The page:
Hiking and climbing in safety

10 recommendations from the Alpine associations

Hiking in safety

As an outdoor sport, hiking is a great way to get fit, meet people and have fun. The aim of the following recommendations from the Alpine associations is to make hiking as safe and enjoyable as possible:

  • Getting fit in the mountains
    Hiking is an endurance sport. It makes the heart and circulation work, which requires you to be healthy and to realistically assess your fitness. Try not to rush and walk at a tempo where nobody in the group gets out of breath.

  • Careful planning
    Hiking maps, guide books, the internet and experts can inform you about the length, height differ-ence, difficulty and current conditions of a hike. You should always choose which hiking trails you will take according to the skills of the group. Pay particular attention to the weather forecast because wind, rain and cold increase the risk of an accident.

  • Complete equipment
    Make sure you have the right equipment for the hike you are taking and that your rucksack is not too heavy. Protection from the rain, cold and sun should always be packed in your rucksack, as should a first-aid kit and a mobile phone (European emergency number 112). Maps and GPS will help you find your way.

  • Appropriate footwear
    Good hiking boots protect and provide relief to your feet and improve your footing. When choosing a pair of shoes, make sure that they fit perfectly, have non-slip soles, are waterproof, and that they are light.

  • Sure footing is key
    Falls as a result of slipping or tripping are the most common cause of accidents. Make sure that you do not lose your footing or concentration because you are going too fast or are tired. Also watch out for falling rocks: by walking carefully you avoid loosening rocks.

  • Stay on marked paths
    In areas without any signs there is an increased risk that hikers will lose their way, will fall or that rocks will fall. Avoid short cuts and go back to the last point you recognise if you stray from the path. Steep old snow fields are often underestimated and very dangerous as one can easily slip.

  • Regular breaks
    Regular rest helps hikers to recover, enjoy the landscape, and makes the hike more sociable. You need to eat and drink to sustain your concentration and energy levels. Energy drinks are ideal for quenching your thirst. Cereal bars, dried fruit and biscuits will satisfy your hunger while walking.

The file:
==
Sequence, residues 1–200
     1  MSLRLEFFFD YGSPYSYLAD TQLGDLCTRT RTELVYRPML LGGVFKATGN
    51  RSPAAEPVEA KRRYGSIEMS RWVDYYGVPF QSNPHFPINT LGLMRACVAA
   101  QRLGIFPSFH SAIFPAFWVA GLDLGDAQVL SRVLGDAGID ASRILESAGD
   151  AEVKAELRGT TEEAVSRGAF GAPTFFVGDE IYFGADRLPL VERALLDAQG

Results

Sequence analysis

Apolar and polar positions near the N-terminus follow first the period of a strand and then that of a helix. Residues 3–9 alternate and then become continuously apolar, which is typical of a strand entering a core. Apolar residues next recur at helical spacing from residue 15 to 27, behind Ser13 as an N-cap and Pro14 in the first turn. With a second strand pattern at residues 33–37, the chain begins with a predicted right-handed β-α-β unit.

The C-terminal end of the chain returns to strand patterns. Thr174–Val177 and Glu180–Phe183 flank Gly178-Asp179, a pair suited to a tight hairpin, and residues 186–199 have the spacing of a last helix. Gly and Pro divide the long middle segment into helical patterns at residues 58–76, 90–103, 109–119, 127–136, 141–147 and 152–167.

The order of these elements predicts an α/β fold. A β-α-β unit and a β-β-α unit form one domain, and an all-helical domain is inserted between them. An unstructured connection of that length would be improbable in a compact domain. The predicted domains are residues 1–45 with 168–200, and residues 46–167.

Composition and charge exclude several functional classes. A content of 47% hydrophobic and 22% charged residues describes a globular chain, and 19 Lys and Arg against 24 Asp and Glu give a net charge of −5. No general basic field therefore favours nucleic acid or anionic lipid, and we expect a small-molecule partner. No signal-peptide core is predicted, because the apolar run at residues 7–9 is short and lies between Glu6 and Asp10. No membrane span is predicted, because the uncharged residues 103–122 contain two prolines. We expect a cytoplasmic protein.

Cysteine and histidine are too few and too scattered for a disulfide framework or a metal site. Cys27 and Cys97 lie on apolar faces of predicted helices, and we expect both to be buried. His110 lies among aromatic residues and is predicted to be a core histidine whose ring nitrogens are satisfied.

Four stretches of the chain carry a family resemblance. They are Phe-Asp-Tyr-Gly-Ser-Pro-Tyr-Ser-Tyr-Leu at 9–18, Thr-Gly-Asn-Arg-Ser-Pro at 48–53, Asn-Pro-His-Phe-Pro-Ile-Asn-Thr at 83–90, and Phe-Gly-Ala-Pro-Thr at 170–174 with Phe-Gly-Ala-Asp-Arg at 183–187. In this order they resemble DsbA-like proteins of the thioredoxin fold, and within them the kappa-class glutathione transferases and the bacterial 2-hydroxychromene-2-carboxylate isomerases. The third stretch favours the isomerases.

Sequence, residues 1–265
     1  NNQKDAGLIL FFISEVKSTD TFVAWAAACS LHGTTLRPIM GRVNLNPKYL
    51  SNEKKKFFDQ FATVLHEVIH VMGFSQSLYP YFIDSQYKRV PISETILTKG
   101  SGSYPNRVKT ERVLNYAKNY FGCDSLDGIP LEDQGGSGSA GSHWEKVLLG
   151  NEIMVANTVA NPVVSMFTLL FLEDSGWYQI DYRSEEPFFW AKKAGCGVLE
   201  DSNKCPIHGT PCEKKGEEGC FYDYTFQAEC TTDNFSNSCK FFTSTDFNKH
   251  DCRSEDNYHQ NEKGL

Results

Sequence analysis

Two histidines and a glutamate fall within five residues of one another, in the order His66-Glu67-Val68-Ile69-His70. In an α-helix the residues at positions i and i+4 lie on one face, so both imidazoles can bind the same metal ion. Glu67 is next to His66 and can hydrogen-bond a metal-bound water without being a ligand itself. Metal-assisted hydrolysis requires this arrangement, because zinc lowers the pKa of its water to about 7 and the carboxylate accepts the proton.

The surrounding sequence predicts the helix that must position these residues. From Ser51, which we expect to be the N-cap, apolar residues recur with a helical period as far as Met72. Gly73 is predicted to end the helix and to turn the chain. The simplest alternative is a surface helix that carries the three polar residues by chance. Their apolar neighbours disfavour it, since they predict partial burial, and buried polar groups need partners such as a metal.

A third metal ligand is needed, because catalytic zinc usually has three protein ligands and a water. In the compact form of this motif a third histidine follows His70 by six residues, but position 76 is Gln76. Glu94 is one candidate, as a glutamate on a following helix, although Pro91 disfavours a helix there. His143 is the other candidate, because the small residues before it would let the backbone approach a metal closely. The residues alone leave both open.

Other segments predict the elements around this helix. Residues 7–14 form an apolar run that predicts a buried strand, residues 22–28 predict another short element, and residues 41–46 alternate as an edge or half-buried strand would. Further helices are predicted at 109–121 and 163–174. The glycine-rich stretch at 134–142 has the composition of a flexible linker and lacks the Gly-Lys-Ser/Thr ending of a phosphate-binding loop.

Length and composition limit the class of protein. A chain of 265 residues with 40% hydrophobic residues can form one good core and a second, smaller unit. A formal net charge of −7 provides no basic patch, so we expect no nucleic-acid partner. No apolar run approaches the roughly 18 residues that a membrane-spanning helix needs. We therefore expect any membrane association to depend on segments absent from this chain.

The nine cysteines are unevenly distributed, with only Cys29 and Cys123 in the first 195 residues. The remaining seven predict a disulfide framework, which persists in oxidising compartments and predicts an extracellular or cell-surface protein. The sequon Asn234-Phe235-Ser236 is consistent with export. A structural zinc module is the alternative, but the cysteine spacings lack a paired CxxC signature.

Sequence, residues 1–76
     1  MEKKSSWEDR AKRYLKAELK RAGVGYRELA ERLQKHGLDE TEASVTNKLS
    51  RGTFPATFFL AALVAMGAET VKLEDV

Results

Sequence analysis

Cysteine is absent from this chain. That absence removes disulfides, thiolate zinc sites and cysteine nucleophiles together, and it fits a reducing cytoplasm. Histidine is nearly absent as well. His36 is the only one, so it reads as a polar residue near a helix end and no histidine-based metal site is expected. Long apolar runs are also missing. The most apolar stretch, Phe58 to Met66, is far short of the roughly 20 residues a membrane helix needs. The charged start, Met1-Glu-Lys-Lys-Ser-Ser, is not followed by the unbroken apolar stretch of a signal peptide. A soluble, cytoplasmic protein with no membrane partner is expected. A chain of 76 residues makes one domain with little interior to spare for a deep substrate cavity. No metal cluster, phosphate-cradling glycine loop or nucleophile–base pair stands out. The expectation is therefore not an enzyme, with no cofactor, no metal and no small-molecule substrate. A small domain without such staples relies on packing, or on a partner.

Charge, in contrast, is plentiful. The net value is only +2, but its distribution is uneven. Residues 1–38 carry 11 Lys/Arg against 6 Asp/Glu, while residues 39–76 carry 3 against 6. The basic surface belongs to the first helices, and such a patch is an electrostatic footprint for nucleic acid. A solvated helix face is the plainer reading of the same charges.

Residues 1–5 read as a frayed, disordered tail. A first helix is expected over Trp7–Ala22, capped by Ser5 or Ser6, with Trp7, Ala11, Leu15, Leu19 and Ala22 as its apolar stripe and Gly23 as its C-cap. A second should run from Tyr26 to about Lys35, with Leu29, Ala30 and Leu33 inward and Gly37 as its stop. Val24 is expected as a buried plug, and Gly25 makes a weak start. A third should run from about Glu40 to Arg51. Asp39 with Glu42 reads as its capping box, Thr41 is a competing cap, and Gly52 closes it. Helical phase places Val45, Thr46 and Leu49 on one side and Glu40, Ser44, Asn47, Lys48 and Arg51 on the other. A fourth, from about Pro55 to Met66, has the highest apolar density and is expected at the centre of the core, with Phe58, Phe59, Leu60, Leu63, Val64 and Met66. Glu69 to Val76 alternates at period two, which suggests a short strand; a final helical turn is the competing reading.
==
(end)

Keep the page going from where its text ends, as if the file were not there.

• Responsibility for children
    Discovering the landscape in a fun and varied way is very important for children. In passages where there is a risk of falling, an adult can only look after one child. Very difficult hikes, which require long periods of concentration, are not suitable for children.

  • Small groups
    Small groups are more flexible and allow members to help each other. Tell everyone in your group your end destination, route, and return route. Stay together in your group. Attention to those hiking alone: even minor incidents can require serious emergency assistance.

  • Respect for nature and the environment
    To protect the natural mountain areas, do not leave rubbish behind, stay on the paths, do not disturb wild animals or livestock, do not touch the plants, and respect protected areas. Take public transport or use carpooling to get to your destination.

 

Safety on via ferratas

There are risks involved in the use of via ferratas. Insufficient preparation, inadequate equip-ment and inappropriate conduct increase the risk of falling. Alpine associations recommend that you train with a qualified expert before following any via ferrata:

  • Plan carefully
    Planning is the key to ensuring safe and enjoyable via ferrata tours. Make sure you are fully informed of the difficulty, length, ascend and descend, the weather, and other conditions.

  • Base your goals on your capabilities
    If the via ferrata you have chosen is too difficult, it will reduce your enjoyment of the experience and may increase the likelihood of you finding yourself in a dangerous situation.

  • Ensure you have all the equipment you need and that it meets the required standards
    Climbing harness, via ferrata set and a helmet. Only by using the equipment correctly and professionally will you have a safer via ferrata experience. In emergencies you should have a first-aid kit and mobile phone at hand (emergency number in Europe in 112).

  • Do not use via ferratas if there is a risk of storm
    Thunderstorms endanger people’s lives. Rain, wetness and cold increase the risk of falling.

  • Check the wire rope and anchoring equipment thoroughly
    Pieces of rock, snow pressure, frost wedging and corrosion can all damage the via ferrata. Do not climb via ferratas which are closed or barred.

  • Check on your partner when climbing
    Monitor each other: check that the climbing harnesses, , the tie-in with the via ferrata set and helmets are securely in place.

  • Stay an appropriate distance apart
    Only one person can move on the cable-segment between two fixed anchors.

  • Clear agreements when you overtake
    Communication and care prevent dangerous situations when overtaking others or when you encounter people going in the opposite direction.

  • Watch out for falling rocks
    Careful climbing reduces the likelihood of falling rocks.

  • Respect nature and the environment
    Travel on public transport or by car pool. Do not litter and avoid making noise.

Created in collaboration with the Arc Alpin Club and Alpenverein Südtirol.